SINGAPORE - Stepping into this detached home of a couple in their 30s and their two young daughters, it is hard to believe the well-appointed interior of this 7,500 sq ft house is entirely their creation.
Considering its size and location off Dunearn Road, the renovation - which took about 18 months - was a gargantuan undertaking for an oil trader and housewife with no background in architecture, design or construction.
As the couple - who did not wish to be named - knew what materials, finishes and colours they wanted, they saw no need to work with a middleman. They worked directly with a builder and his sub-contractors, as well as a structural engineer.
"We adopted a functional approach while designing it around our lifestyle," the wife says. "That said, we also wanted the design to have flair, so we went for a contemporary style utilising clean lines to reflect a subtle sophistication."
The two-storey property - which the couple moved into in 2017 - was in relatively good condition and needed only minor renovations.
However, they wanted to extend the side of the house and add an attic. They also reconfigured the kitchen and living room as they did not like having the kitchen at the front of the house.
Other spaces they introduced were an entertainment room, a playroom and a library.
The cost of the project amounted to $1.18 million, including built-in carpentry, and excluding the property's purchase price and cost of furnishings.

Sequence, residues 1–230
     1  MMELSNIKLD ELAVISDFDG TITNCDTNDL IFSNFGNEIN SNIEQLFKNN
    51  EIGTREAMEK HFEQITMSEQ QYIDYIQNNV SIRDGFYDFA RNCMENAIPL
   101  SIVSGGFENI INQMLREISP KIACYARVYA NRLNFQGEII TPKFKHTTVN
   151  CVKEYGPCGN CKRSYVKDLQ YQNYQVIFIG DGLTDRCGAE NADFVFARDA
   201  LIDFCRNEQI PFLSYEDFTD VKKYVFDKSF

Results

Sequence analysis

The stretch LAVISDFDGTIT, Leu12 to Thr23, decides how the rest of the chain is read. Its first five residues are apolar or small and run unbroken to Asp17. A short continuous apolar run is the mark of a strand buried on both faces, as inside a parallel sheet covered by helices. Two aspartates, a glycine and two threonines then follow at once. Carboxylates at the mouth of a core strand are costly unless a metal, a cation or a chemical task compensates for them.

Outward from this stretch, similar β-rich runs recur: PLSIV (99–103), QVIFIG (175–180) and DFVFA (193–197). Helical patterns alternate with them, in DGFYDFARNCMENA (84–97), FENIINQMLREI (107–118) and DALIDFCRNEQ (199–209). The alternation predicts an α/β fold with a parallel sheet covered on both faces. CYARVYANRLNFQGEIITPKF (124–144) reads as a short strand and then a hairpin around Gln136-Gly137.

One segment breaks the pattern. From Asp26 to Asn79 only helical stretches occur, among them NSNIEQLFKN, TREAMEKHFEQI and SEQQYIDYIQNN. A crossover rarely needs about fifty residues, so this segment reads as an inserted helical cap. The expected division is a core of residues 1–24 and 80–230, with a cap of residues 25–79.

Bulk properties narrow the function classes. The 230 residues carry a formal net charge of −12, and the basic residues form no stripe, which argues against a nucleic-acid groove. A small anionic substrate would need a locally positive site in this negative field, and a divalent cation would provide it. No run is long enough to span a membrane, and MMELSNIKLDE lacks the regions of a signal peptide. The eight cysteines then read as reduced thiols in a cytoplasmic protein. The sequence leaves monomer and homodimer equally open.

Except for the dining table, the bed frame and lounge seat in the master bedroom, which were purchased off the rack, everything else - from the sofas and beds to the bathtubs, chandeliers and ceiling speakers - was painstakingly sourced and imported.
The owners decided to scout for the furnishings themselves because of the smorgasbord of products available overseas.
Another reason, the wife says, is that they had "checked local furniture shops and discovered the more unique pieces had to be indented or imported, and that meant long waiting times and reseller margins".
She adds that it was never about going for the cheapest option, but "about being resourceful and getting value for our money".
Doing it all themselves was not without its challenges. There was constant planning, researching, decision-making and executing.
"Apart from the approval of floor plans and details such as the position of switches and downlights, we also had to regularly monitor the construction process to ensure our instructions to the workers were not lost in translation," she says.
She watched YouTube tutorials so she could plot their interior designs in 3D and map out furniture sizes and placements.
Although it was a challenging process, the owners say they would do it again for their next home.
The lady of the house enjoyed the process so much that she enrolled in an interior design course specialising in perspective construction, rendering and 3D computer modelling at Nanyang Academy of Fine Arts.
She has since started her own interior design company, Interiors by JCB, to help others design their dream home.
She advises home owners: "Do not be paralysed by the plethora of decisions and options. Do your research beforehand and anticipate the big decisions.
"Also, be realistic about the move-in date. And, most importantly, enjoy the process."
• This article first appeared in the March 2021 issue of Home & Decor, which is published by SPH Magazines. Get the April and latest issue of Home & Decor now at all newsstands or download the digital edition of Home & Decor from the App Store, Magzter or Google Play. Also, see more inspiring homes at Home & Decor's website.